Kim Campbell poses nude behind robes in this iconic Barbara Woodley photograph from 1990. Image credit: Barbara Woodley/Courtesy Museum of Civilization

Opinion: Seriously Kim? We have the right to bare arms

A Princeton reporter reacts after a former Canadian prime minister says women should cover up on TV

Full disclosure.

This opinion is being written by a female journalist sporting a camisole.

If you could see me, you could see my arms. Shoulders and the remnants of a collar bone are visible as well.

Still taking me seriously?

Or are you moved to distraction by the birthmark covering my scapula.

Many people think it looks like Lake Michigan.

Working as a print journalist is not the same as being a television reporter, of course.

No one cares what a newspaperwoman looks like; how she styles her hair and applies her make up, how old she is or what she wears.

After all, what could those physical superficialities possibility have to do with delivering the news?

History going back as far as Tuesday shows us that when it comes to being on camera, a lot.

Related: Kim Campbell says female broadcasters should not bare arms

Canada’s first and so far only female Prime Minister Kim Campbell stunned and confused the country this week when she took to Twitter to criticize the attire of some women broadcasters.

“I am struck by how many women on television news wear sleeveless dresses – often when sitting with suited men,” she said. “I have always felt it was demeaning to the women…Bare arms undermine credibility and gravitas!”

It begs that weighty question: how many whys are there in hypocrisy?

Campbell led the country for 132 days in 1993, and before that she was justice minister.

During that period she posed for a portrait composed by Vancouver photographer Barbara Woodley. In the well-known photo, Campbell appears to be naked behind a set of lawyer’s robes that she is holding towards the camera.

The image was meant to portray the law as shielding women, but it resonated in many ways.

Feminists embraced the idea of a woman holding power while at the same time expressing her femininity.

Yes we work with men, and we will sit beside men. We will even lead men. But for the love of Donna Karan don’t make us dress like them.

Pauline Frederick was a pioneer in the world of television news. She wore a lot of pearls.

Still, in 1949 and after a print and radio career that included writing for the New York Times, traveling as a war correspondent and covering the Nuremberg trials, she became the first woman to ever work full-time for a US television network, ABC.

Barbara Walters was the first woman to co-anchor a newscast in 1976 and before that she was the co-host of NBC’s Today Show. Appearing on that program for the first time, as a “Today Girl,” she also wore pearls…AND a sleeveless dress.

Carole Simpson, Connie Chung, Katie Couric, María Elena Salinas, Judy Woodruff, Gwen Ifill and many others battled like hell for success in a field dominated by men. And holy crap they did it while wearing heels and sometimes even pink.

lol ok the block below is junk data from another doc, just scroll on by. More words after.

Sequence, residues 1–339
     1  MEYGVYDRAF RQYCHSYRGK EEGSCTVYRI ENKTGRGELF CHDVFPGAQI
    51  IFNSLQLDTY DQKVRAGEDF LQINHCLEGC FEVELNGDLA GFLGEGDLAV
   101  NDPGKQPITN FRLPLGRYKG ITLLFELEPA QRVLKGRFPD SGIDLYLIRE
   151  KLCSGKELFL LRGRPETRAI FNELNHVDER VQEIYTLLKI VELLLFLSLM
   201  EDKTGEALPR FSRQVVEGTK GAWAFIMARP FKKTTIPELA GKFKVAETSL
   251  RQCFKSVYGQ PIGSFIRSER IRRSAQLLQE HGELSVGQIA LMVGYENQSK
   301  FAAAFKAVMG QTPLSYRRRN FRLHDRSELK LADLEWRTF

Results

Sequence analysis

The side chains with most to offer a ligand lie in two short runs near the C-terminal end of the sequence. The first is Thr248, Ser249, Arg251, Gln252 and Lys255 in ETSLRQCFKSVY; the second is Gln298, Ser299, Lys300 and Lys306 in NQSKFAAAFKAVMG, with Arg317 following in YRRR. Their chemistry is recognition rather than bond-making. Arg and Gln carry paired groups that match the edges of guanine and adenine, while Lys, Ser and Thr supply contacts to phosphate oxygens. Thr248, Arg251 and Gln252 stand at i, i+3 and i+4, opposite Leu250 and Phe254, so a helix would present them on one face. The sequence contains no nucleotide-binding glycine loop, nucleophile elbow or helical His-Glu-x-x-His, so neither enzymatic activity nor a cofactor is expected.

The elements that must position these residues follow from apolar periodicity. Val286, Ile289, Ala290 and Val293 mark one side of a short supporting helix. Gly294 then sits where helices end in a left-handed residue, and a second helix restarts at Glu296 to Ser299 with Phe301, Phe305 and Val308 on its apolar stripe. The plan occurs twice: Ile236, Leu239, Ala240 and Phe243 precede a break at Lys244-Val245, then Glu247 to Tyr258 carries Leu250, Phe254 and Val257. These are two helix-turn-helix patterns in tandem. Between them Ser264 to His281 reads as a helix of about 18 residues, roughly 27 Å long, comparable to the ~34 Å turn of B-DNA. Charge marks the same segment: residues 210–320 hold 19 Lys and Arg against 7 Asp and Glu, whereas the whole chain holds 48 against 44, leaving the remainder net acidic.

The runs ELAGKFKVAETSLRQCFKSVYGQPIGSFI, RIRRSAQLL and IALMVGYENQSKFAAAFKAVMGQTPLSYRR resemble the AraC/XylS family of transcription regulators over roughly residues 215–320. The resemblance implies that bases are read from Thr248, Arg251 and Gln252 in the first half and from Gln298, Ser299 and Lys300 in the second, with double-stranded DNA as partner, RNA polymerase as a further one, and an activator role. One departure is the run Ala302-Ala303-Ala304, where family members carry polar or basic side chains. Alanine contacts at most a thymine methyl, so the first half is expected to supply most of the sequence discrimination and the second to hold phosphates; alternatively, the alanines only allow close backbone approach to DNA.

Gasp.

To suggest a woman demeans her gender or her profession by not wearing sleeves implies we would all be taken so seriously if we only zipped up in snowsuits for the work day.

Women, as was so elegantly demonstrated by Kim Campbell a quarter of a century ago, do not need to look like men in order to achieve.

It sure makes a person wonder though, if there was really anything inside of that robe of her’s, all along.

Andrea DeMeer is the publisher and editor of the Similkameen Spotlight in Princeton, B.C.

To report a typo, email:
publisher@similkameenspotlight.com
.



andrea.demeer@similkameenspotlight.com

Like us on Facebook and follow us on Twitter.

Just Posted

Full loaded asphalt truck tips over on Shoemaker Hill

“No trucks” hill on 10th Avenue SE remains closed until later Thursday afternoon

Working it out at Roots and Blues Festival

A pot-pourri of talented artists will jam to make workshop magic this weekend

Wildfires converge near Lumby, Armed Forces en route

Area restrictions expanded, firefighters equipment stolen

Health centre plan for Sicamous’ Main Street takes shape

District applying for rural dividend funding for the design of new building

Salmon Arm’s panhandling bylaw put on hold

City council allows time to pursue more compassionate solutions

B.C. wildfires 2018: Hazy skies impacting crews in spotting new fires

18,000 people are on an evacuation alert, with 3,000 homes under an evacuation order

Red Cross now accepting donations for those impacted by B.C. wildfires

The Canadian Red Cross is asking for help now and in the weeks and months ahead.

B.C. program to educate parents reduces ‘shaken baby syndrome’ by 35%

Period of PURPLE Crying was launched nearly a decade ago

Canadian Armed Forces assist with mop-up of fire near West Kelowna

100 Armed Forces members are helping BC Wildfire crews with the Gottfriedson Mountain fire

B.C. golfer, just 23, scores the rare albatross

Six-million-to-one shot a first for the Terrace club

Fredericton widow swears at Trudeau during condolence call

Widow of man killed in Fredericton shooting says she swore at Trudeau during condolence call.

Tim Hortons promises leaky lids on coffee cups to be phased out

Tim Hortons looks to rebuild its brand with better lid, new marketing campaign

‘There’s been a lot of devastation:’ man whose family lost homes in B.C. fire

The provincial government declared a state of emergency Wednesday as more than 550 wildfires burn in every corner of B.C.

Capsized tug now out of the water at the mouth of B.C.’s Fraser River

The 19-metre-long George H. Ledcor capsized late Monday.

Most Read